May 12, 2013
Chapter 35: Winning despite
This was a game won despite Zach McAllister not pitching all that well (though the results were good), despite having both Michael Bourn and Mark Reynolds on the bench for much of the game, and despite not having either Vinnie Pestano (who is on the DL) or Chris Perez (who was not available) to pitch either the ninth (tie game) or tenth (one-run lead).
Zach McAllister didn't have his good command, certainly not the command he had in his previous start against Oakland. A lot of his fastballs were high in the strike zone, and while he did get away with some pitches, some he didn't (such as Brayan Pena's two-run homer in the second). A third run scored off him in the fourth because of a Lonnie Chisenhall throwing error. But he managed to go six innings (throwing 111 pitches in the process), not only keeping the Indians within striking distance, but also not taxing an already thin bullpen.
The Indians scored two runs off of Detroit starter Rick Porcello in the third when Jason Kipnis doubled down the left field line. Those two would be all the runs the Indians could manage off Porcello, and any other Detroit pitcher, until the last possible opportunity in the ninth. The Indians had an opportunity in the fifth to tie the game again, loading the bases with one out, but Asdrubal Cabrera grounded into an inning-ending double play. The Indians got the first two batters of the seventh inning on, but a Michael Brantley double play ended that threat.
The Tigers' one weak spot is the back end of their bullpen. At the end of the 2012 season, they said goodbye to Jose Valverde with no intention of bringing him back, but early-season troubles made them reconsider. Now Valverde is back as closer, though his stuff isn't nearly what it was during his 2010-2011 heyday with Detroit. I didn't see one split-fingered fastball in yesterday's ninth inning. Instead he tried getting the save with all 92-93 mph four-seam fastballs. A one-pitch pitcher can have success in relief if that one pitch is exceptional, but Papa Grande's fastball isn't exceptional at this stage of his career. Even so, he almost pulled off the save, for after Michael Bourn (who pinch-hit for Ryan Raburn) walked and stole second, Valverde retired Lonnie Chisenhall (strikeout) and Yan Gomes (pop out). Jason Giambi then came off the bench to hit for Drew Stubbs and worked a walk, bringing up the top of the order and Michael Brantley. Brantley, like everyone else that inning, got a steady diet of 92-93 mph fastballs, and served the third one he saw into shallow left field. With Michael Bourn running with two outs, there was no chance of throwing him out at the plate.Tie game.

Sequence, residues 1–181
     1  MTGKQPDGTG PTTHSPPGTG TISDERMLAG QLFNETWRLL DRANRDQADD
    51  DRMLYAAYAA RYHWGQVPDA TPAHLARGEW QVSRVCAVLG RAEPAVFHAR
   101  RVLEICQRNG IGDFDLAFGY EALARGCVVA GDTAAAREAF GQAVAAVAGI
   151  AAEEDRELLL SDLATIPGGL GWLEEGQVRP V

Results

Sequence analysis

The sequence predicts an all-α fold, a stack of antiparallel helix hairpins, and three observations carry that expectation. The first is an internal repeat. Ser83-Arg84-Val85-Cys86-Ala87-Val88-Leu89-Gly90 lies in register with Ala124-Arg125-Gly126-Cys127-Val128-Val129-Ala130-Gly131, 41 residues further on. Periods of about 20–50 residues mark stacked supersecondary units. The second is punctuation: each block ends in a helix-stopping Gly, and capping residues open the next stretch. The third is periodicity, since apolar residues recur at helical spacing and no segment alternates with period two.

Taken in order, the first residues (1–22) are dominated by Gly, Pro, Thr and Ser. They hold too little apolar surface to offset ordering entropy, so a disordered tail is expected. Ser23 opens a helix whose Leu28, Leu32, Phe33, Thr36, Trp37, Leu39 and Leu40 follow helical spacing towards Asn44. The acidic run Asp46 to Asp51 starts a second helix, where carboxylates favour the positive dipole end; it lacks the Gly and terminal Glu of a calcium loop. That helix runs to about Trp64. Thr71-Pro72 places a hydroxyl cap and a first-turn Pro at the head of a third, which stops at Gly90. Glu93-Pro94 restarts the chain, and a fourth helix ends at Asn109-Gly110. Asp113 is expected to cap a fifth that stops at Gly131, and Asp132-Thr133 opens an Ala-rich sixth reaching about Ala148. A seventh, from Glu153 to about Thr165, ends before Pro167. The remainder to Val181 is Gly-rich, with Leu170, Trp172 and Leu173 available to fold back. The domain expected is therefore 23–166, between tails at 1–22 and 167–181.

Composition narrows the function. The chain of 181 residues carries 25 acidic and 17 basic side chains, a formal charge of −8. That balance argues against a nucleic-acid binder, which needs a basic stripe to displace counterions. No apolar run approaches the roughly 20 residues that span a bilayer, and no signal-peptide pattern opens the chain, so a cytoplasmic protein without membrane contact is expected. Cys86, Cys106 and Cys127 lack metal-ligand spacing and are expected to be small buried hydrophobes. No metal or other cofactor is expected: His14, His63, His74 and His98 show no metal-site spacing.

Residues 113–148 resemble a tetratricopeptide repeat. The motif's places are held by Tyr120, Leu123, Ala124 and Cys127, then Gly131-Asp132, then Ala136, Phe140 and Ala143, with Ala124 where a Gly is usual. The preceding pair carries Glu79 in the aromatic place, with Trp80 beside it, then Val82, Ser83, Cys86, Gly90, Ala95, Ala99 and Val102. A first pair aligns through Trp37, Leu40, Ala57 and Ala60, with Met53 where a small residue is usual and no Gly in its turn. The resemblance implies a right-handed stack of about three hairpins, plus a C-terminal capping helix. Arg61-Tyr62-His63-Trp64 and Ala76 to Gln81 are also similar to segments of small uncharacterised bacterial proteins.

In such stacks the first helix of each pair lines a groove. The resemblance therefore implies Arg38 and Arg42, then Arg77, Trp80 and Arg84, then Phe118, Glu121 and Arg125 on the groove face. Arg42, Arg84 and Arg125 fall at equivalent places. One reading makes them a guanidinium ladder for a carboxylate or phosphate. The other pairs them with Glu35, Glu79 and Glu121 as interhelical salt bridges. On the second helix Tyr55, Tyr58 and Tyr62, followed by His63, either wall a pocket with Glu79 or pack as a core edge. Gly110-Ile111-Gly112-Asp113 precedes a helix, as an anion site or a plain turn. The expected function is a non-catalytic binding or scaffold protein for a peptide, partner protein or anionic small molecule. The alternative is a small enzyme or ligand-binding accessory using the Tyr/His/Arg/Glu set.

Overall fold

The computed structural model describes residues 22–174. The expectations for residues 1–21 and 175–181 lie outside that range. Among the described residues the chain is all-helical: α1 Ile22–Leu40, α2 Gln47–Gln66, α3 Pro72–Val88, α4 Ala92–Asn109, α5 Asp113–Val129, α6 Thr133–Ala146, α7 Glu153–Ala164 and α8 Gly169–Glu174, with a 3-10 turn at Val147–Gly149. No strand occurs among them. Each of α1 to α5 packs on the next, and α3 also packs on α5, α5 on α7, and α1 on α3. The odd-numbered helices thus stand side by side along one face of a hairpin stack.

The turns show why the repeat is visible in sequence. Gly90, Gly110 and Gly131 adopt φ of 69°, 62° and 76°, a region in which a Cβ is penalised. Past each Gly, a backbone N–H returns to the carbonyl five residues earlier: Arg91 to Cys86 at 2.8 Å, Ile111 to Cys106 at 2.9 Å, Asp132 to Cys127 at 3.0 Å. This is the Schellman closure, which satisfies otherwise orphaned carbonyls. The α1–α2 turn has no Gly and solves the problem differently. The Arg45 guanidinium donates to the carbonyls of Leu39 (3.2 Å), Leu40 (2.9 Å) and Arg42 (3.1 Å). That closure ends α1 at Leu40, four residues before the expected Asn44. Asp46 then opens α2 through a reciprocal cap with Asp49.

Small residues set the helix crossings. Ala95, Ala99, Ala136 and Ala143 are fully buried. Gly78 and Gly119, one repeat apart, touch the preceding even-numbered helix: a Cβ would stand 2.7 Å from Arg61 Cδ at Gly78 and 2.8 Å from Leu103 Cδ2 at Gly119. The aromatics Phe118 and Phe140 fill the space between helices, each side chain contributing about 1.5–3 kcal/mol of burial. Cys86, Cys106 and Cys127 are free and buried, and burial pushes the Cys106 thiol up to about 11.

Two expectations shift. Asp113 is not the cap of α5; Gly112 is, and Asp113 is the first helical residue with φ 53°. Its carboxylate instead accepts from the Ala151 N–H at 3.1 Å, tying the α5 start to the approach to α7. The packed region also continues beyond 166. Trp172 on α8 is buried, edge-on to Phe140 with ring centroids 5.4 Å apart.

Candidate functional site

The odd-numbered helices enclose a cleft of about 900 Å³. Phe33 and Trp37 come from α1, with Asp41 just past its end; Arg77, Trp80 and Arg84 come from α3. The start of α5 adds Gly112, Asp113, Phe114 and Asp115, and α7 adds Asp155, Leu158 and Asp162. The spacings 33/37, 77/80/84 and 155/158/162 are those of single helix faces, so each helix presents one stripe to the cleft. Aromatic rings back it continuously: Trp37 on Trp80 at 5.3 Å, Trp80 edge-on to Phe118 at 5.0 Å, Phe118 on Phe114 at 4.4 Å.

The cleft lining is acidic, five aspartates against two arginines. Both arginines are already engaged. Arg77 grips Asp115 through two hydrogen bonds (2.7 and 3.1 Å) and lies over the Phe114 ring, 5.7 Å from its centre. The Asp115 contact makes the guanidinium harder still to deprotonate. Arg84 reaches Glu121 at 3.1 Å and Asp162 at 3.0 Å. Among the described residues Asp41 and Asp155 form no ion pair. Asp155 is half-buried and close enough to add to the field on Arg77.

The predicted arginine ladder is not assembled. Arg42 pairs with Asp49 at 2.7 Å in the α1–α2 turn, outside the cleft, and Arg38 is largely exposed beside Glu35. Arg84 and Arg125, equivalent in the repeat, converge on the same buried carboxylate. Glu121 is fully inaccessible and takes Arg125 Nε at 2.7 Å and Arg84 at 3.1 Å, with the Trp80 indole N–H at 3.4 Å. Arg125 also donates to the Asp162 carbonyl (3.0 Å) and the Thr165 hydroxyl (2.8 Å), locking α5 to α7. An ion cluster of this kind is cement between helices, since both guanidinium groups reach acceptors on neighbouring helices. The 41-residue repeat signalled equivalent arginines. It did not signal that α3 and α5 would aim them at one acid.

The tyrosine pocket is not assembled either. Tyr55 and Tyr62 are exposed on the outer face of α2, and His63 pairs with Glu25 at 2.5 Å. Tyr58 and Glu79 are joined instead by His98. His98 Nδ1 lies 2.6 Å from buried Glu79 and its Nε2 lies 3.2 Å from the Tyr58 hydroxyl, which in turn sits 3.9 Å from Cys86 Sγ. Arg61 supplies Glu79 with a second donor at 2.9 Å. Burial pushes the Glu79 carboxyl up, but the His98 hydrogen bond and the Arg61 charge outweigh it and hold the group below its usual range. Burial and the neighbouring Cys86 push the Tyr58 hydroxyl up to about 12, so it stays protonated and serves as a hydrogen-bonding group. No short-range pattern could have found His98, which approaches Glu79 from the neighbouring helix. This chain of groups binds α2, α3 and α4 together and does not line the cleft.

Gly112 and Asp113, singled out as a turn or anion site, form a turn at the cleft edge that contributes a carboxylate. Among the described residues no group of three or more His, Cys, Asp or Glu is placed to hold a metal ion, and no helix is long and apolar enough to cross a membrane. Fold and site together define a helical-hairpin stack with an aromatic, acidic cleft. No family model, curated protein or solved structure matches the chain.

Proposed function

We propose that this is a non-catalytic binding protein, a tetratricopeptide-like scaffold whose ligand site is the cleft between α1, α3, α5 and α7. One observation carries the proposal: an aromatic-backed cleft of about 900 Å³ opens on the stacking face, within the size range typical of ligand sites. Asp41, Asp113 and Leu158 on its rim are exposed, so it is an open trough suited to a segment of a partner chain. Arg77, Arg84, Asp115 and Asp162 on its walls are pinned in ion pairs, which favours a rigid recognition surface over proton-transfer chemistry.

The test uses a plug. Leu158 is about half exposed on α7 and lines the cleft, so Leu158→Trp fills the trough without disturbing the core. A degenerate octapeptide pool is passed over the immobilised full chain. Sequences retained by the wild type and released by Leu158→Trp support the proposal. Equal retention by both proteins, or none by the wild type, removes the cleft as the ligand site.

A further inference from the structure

So despite all the bad things the Indians did on offense up to that point, they tied the game going into the bottom of the ninth inning. However, the Indians had a problem (although most of us didn't know it yet); Chris Perez was unavailable today, so they would have to go through the rest of the game without their usual eighth and ninth inning pitchers. But despite that, they made things work, with some help from the defense. For in the bottom of the ninth inning, Torii Hunter grounded back to Joe Smith for what looked like an easy double play, but Smith's relay to Asdrubal Cabarera tailed from the first base side of second to a foot or so off the third base side. Cabrera though made a very athletic play, not only catching the ball, but stepping on the base with his off foot and making the relay to first with his arm alone. Hunter was out at first, and what could have been a disaster was averted.
In the tenth, Asdrubal Cabrera doubled to lead off the inning, but through a couple weak groundouts, the Indians still hadn't gotten the run home when Mark Reynolds came to the plate with two outs. Now our impression of Reynolds before this season was that he was an all-or-nothing hitter who had trouble making contact. That impression has been proven wrong time and time again early this season, and it was proven wrong in the tenth inning as well. Reynolds singled on a 1-2 changeup through the hole on the left side, bringing home Carlos Santana. The Indians now had a one-run lead, but who would they bring on to close out the game?
Prince Fielder and Victor Martinez were the first two batters up, so Terry Francona called on Rich Hill. Hill got ahead of Fielder 0-2 before the Detroit first baseman flied out to deep center (thankfully today's game was played in Comerica). Then Hill struck out Martinez on a low-90s fastball. Don Kelley (a left-handed hitter) was pinch-hit for, with Matt Tuiasosopo (a right-handed hitter) coming to the plate. So with two outs and nobody on, Francona called on Cody Allen to get the last out of the game. Allen hadn't had a major-league save opportunity to this point in his young career, but that didn't faze him, as he dispatched Tuiasosopo to get his first save in the big leagues and more importantly preserve the game and the series win.
It is still very early in the season, but even so, this was a big win. To win a series in Detroit (where the Indians have had difficulties winning over the past 5-6 years) in which Detroit sent Max Scherzer and Justin Verlander to the mound, is a big deal, even if it is only May. And that the series win gave the Indians a share of first place was an added bonus. The Tigers will probably have first place back to themselves by the time the Indians return from Philadelphia (they get Houston for the next three games), but even so, the Indians have weathered early storms to emerge as a team that has a chance of contending.